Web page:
Coming across a little kindness
The new go-to evening routine for my family includes dinner and a movie. Our dining table has become a makeshift workstation for my husband and I; so, more often than not, my family eats dinner together in the living room with the television as an accompaniment.
Jeopardy and Wheel of Fortune were always on in my house when I was growing up.
These days, my family tends to lean toward comedies, and we recently introduced our sons to the 1993 classic “Groundhog Day,” starring Bill Murray and Andie MacDowell. In a real life-imitates-art moment, we laughed as Murray’s character, the cantankerous newscaster Phil Conners, gets stuck in a repetitive time loop in the town of Punxsutawney after traveling there to cover the annual Groundhog Day event.
The comedic nature of the film was juxtaposed with the reality facing all of us at this particular and peculiar moment in time.
Social distancing and the directive to stay home have made me more attuned to simple pleasures that, for many years, I took for granted. A daily walk with my dog is a gift and, as never before, I relish the feeling of moving through my neighborhood. The weather is no matter; I’m as willing to be out in the sun as in the wind and rain. It just feels so good to be outdoors.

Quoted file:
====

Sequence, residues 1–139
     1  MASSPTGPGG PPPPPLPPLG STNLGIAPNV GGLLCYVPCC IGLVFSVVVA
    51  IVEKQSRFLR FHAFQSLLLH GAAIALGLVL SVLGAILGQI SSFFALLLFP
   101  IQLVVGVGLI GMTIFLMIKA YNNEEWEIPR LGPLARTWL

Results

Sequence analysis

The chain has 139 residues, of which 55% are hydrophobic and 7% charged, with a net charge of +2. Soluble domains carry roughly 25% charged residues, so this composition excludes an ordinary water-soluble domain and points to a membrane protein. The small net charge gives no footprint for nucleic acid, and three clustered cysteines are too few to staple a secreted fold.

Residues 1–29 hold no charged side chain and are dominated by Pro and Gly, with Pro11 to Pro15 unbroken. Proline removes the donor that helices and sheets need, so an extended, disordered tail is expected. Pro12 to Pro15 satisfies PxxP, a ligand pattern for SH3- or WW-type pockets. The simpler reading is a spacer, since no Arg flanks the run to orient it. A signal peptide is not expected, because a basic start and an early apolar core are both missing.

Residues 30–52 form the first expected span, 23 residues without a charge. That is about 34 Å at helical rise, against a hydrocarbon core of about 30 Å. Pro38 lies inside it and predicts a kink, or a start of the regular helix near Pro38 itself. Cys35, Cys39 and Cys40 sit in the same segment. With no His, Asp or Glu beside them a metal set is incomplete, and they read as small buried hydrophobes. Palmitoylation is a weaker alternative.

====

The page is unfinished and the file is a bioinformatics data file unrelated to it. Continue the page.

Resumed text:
This past weekend, we strolled along at a decent clip, my dog and I. Instead of fixing my gaze on the glorious mountains surrounding us, I focused on the ground in front of me. My mind ticked off an expanding list of things to do: fold laundry, clean the house, read assignment for online class, weed the yard, complete Census, decide what to write in my column. So, I was outside, I was walking, and I was with my dog, but I wasn’t present. I was consumed by my mental list of all the tasks that needed doing, and the list kept repeating on and on. Over and over.
Suddenly, my downcast eyes caught a subtle flash of color. We stopped, and I crouched down to get a better look.
Someone had left a kindness rock propped against a nearby neighbor’s flowerpot. The rock was small, but, set against the weathered white planter, its eggshell-blue background made it stand out.
Leaning in closer, I was filled with a rush of recognition and serendipity; painted on the rock alongside the sweet image of a flying insect was simply the word, “bee.”
Founded by Megan Murphy in 2015, The Kindness Rocks Project is a national movement which “encourages people to leave rocks painted with inspiring messages along the path of life.” More information can be found at thekindnessrocksproject.com.